As I am just back from holiday after several weeks away, I realise that I have been thinking a lot about how researchers get inspired for their work. When you ask young researchers what they do to foster their research inspiration and creativity, they usually start by responding that before being able to be creative, they need to know enough, need to have read enough. They may say that they get inspired by attending conferences or by meeting other researchers.


How do we get our research inspiration? How can we be creative as researchers? These are vast questions. What strikes me is that rarely will people start by saying that for them to be inspired or creative in their research, they just need time to think. In some ways, ‘time to think’ may seem an oxymoron in the academic context. Isn’t it what researchers do all day, isn’t it their job to think? Of course you do think all day when you are doing research, but the question remains of how you can sustain inspiration and creativity in the manner you pursue your research. I have just started reading a very interesting book called Bite: Recipes for remarkable research (Eds. A. Williams, D. Jones & J. Robertson from Sense Publishers), which presents lots of examples or as they are called in the book recipes about fostering and sustaining our inspiration and creativity as we work alone or collaboratively. It would be interesting to hear from you which of these recipes work for you.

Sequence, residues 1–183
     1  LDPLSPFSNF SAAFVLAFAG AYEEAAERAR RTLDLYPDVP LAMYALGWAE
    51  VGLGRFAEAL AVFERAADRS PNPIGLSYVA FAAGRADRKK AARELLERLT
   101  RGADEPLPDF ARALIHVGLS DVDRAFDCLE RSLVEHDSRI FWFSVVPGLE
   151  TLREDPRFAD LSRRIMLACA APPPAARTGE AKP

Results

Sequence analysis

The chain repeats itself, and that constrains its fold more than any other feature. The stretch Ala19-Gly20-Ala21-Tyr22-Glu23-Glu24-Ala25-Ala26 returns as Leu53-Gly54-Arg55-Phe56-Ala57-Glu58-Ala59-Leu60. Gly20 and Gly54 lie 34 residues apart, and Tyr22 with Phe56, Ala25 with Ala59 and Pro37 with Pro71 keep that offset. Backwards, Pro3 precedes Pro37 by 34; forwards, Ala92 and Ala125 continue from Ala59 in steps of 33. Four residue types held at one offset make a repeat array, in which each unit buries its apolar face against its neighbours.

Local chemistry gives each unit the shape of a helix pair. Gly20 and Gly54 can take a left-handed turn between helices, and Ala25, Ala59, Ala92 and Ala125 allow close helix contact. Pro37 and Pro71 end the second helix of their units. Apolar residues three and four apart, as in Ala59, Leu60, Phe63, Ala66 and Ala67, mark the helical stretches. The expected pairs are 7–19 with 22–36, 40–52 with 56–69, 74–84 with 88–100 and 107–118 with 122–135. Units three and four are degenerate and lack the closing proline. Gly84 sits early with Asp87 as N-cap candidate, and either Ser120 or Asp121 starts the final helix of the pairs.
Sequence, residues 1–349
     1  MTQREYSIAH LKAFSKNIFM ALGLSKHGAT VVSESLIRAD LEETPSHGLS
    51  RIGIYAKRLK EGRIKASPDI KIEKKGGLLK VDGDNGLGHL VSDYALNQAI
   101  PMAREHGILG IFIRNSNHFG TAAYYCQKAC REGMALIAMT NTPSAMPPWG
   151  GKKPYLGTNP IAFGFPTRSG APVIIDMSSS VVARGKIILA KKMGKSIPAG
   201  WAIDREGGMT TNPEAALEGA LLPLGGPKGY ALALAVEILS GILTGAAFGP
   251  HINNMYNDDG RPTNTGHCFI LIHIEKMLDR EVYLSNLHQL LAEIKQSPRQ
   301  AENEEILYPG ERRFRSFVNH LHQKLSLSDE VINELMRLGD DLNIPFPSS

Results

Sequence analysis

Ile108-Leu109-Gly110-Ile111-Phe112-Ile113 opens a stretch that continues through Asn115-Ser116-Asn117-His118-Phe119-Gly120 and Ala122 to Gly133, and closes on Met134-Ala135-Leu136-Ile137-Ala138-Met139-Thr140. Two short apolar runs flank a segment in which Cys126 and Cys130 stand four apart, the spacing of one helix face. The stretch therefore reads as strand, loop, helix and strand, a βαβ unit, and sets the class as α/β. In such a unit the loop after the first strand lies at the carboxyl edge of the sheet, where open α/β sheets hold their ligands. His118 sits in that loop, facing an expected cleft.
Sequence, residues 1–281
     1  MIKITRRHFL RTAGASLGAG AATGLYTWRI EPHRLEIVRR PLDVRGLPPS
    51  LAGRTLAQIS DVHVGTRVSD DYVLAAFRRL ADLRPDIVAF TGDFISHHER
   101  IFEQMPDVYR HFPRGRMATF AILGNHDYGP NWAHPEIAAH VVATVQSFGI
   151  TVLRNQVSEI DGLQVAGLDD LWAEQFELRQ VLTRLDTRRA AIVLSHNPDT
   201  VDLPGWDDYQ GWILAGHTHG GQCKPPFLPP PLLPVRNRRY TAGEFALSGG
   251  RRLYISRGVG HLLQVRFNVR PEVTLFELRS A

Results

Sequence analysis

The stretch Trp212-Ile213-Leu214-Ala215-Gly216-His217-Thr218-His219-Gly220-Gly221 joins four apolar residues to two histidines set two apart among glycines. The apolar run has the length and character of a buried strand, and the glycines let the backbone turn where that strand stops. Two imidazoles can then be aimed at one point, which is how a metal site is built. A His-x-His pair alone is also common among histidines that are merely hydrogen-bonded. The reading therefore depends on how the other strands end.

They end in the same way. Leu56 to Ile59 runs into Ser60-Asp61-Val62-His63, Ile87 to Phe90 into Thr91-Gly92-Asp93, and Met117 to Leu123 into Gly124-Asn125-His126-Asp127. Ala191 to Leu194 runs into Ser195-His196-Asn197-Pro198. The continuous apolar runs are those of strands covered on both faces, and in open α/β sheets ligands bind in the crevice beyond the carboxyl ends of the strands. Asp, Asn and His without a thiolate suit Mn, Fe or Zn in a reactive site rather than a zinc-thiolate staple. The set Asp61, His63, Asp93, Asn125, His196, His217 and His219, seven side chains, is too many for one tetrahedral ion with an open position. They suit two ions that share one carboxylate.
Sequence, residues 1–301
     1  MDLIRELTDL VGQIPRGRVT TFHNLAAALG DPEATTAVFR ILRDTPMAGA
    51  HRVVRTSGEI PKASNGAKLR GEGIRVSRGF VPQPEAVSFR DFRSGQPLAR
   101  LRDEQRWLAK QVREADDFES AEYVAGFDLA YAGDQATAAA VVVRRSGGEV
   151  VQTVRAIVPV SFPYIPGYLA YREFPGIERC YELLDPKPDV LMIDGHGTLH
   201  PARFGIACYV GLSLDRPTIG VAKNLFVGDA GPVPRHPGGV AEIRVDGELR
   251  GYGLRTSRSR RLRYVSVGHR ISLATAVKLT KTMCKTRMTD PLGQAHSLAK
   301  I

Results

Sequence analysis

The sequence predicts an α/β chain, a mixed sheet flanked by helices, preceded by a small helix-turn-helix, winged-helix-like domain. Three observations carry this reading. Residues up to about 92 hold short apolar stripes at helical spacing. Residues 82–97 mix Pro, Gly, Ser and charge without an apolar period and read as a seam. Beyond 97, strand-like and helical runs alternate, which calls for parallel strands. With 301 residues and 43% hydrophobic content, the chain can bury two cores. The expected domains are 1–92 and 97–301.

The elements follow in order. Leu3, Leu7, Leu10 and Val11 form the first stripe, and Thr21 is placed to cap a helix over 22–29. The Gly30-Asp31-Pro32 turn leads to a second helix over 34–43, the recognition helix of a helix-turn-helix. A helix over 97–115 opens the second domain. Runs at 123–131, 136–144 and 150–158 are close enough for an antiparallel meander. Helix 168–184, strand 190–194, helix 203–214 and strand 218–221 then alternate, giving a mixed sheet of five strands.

I think that for me the idea of taking time out, taking time to think is key. Holidays are so important for this very simple reason that they allow us time to pause and think, time to stop the whirlpool of our lives, time to go back to basics and provide us time to think more broadly and in more depth. Securing bubbles of ‘time to think’ during the busy academic year can be a real challenge for many researchers.

Over the last few years, we have run a programme called The Sheffield Crucible. This programme brought together a group of early career researchers from across the five faculties. The overall aim of the Crucible was to “create outward facing researchers”. What it really allowed was to foster an environment where researchers could take time out, time to think about their research and the research of others, time to look at broad questions, time to open up to interdisciplinary working, time to be in the company of other young researchers, away from the university and its many deadlines, time to play and think about research in a different way.

Crucible graphic small

The 2014 Crucible participants first met in March and spent over several months three 2-days residentials in an hotel in Chesterfield. They took part in many activities, had talks from various people such as academics, artists or policy-makers. But what they really did, was they took ‘time to think’ about research in a broader manner in the company of others. They have come up with over 20 new projects ideas to ask research questions in an interdisciplinary manner. They will soon be applying for seed funding for these projects via the Crucible funding. They are presenting their potential projects to members of the public during an event called Mind Investors at the Festival of the Mind on the Sunday 28th September in the Spiegeltent between 2-4pm. Come and meet them, and see how taking time out by taking part in the Crucible programme has enabled them to developed creative and innovative new projects.

So what will you do during this academic year to foster your inspiration and creativity for your research?

Sandrine Soubes